Animals suffer like us

Animals suffer like us

Neuroscience has more than solid evidence that all mammals, birds and other species are aware of their suffering.

Animals suffer like us

Last update: February 18, 2022

Are animals aware of the pain they feel? Anyone who lives in close contact with an animal can answer this question perfectly. But what does neuroscience tell us about it? Can we confidently say that science supports the thesis that animals suffer like us? Do they perceive their own pain and that of others?



Well, as you might expect, the answer is yes. Neuroscience has more than solid evidence that all mammals, birds and other species are aware of their suffering. But this is not new. In 2013, the Cambridge Declaration had already addressed the issue by providing irrefutable evidence. The research continues and all lead to the same result.

It has been possible to identify similar neural networks in animals and humans whose activity coincides with conscious experience. Apparently thereand neural networks that are activated when an animal feels an emotion, are the same ones that are activated in humans. Renowned neurologists from around the world support this thesis and agree that animals suffer like humans.

The Cambridge Declaration on Consciousness: Animals Suffer!

Almost seven years ago, on July 7, 2012, a group of well-known scientists signed the Cambridge Declaration on Consciousness. This document states that not only humans, but also a significant number of animal species, including vertebrates and invertebrates, are conscious beings.  This means that they are sensitive beings, creatures who are aware of what is happening to them and who can experience positive or negative mental states.


There is scientific consensus to support the evidence showing that theand non-human species possess the neuroanatomical, neurochemical and neurophysiological substrates characteristic of the conscious state, in addition to the ability to act intentionally. That is to say, humans are not the only ones who possess the neurological substrates responsible for awareness.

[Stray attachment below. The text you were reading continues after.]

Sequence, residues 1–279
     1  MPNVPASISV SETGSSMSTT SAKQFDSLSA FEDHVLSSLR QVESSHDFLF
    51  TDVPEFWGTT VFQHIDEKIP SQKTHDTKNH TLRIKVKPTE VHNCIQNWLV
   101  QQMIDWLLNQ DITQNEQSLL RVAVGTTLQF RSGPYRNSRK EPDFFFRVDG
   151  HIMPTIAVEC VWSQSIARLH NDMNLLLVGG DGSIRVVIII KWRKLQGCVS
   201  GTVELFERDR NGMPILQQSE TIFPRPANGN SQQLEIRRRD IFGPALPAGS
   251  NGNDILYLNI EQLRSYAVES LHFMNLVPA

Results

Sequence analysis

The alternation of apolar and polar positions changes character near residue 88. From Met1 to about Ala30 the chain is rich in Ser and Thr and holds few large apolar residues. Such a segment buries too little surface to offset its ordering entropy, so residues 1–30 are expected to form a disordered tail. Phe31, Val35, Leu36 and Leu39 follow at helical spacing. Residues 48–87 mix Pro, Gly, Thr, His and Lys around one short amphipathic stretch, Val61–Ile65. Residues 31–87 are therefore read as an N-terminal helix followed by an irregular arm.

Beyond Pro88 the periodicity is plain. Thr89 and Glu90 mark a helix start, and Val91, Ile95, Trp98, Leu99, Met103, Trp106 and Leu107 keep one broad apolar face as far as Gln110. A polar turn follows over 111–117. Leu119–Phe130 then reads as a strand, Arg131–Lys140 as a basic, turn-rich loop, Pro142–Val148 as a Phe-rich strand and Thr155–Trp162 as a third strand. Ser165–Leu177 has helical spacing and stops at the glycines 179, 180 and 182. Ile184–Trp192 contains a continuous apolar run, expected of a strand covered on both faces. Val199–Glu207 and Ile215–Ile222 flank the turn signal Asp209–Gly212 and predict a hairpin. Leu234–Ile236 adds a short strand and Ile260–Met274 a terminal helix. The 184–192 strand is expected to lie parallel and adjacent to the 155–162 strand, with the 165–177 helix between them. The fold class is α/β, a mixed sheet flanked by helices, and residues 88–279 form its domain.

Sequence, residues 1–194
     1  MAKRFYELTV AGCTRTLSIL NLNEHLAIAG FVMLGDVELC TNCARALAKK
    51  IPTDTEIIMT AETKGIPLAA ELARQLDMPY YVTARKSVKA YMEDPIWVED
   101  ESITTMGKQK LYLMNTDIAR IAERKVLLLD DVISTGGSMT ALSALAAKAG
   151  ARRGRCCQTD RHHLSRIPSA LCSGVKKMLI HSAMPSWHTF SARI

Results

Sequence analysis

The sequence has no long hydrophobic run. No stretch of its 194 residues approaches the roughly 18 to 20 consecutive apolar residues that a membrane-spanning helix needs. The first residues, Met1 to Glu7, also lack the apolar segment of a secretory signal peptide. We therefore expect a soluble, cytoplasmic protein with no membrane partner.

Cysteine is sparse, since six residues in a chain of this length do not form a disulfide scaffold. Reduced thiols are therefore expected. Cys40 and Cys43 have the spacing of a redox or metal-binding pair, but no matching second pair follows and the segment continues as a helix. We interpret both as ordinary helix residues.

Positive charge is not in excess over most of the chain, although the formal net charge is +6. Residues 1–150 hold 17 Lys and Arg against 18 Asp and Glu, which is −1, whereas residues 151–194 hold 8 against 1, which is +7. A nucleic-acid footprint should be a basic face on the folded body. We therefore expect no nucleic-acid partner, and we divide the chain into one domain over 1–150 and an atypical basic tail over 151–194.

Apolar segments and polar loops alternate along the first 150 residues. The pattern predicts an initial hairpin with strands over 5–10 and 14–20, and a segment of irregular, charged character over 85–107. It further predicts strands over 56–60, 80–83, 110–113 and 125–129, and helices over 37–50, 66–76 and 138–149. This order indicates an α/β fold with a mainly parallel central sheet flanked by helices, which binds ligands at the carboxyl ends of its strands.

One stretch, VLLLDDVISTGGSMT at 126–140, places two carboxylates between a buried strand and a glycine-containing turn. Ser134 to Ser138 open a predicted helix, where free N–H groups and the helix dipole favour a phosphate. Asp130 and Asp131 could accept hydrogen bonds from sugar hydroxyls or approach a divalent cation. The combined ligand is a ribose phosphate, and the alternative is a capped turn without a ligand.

During the drafting of the Cambridge Declaration, Philip Low, founder and executive director of the California neurodiagnostic company NeuroVigil, Cristoph Koch of the Allen Institute for Brain Science in Seattle, David Edelmann of the Neurosciences Institute in La Jolla, California, and other neuroscientists have spoken. of prestige.

It is a strong and clear message which confirms that what makes a living being suffer is its ability to discern between positive and negative experiences. This is considerable evidence that should be taken into consideration to avoid discriminating against certain species.

Recent studies

Since 2012, numerous other studies have been carried out that could not help but support the already existing thesis. In 2016 Jarrod Bailey and Shiranee Pereira presented a study on brain networks related to emotions and empathy in dogs. This study extends and at the same time confirms the conclusions of the Cambridge Declaration.

INRA, in collaboration with the European Food Safety Authority (EFSA), conducted a new updated scientific evaluation of the existing literature on animal awareness. The results of this analysis were presented in 2107 in Parma. This research supports the hypothesis that animals possess a nervous system capable of supporting conscious processes of complex information, including negative emotions caused by nociceptive stimuli.

The study considers several species, including primates, corvids, rodents and ruminants. Thanks to this study, it was possible to conclude that animals with autobiographical memory, such as i primates, corvids and rodents, are capable of conceiving desires and objectives also in relation to the past and the future; it follows that they can be negatively affected by the adverse experience.



There are no more excuses: animals suffer

Seven years after the presentation of the more than solid evidence that animals suffer and after the numerous studies that confirm this hypothesis, there are no more excuses to defend animal abuse by claiming that such creatures feel no pain.

All those who are in favor and defend their right to have fun by causing harm to other living beings should at least present new arguments; those used so far have been widely disproved by science. Likewise, the regulation of the right to the protection and well-being of these living beings is having a great echo within the legal world, where the evidence presented by science is turning into laws that will affect many other areas.


It seems that as of now studies on human consciousness will go hand in hand with those on the consciousness of our animal companions. And this, although there are some dissonant voices, is certainly good news.

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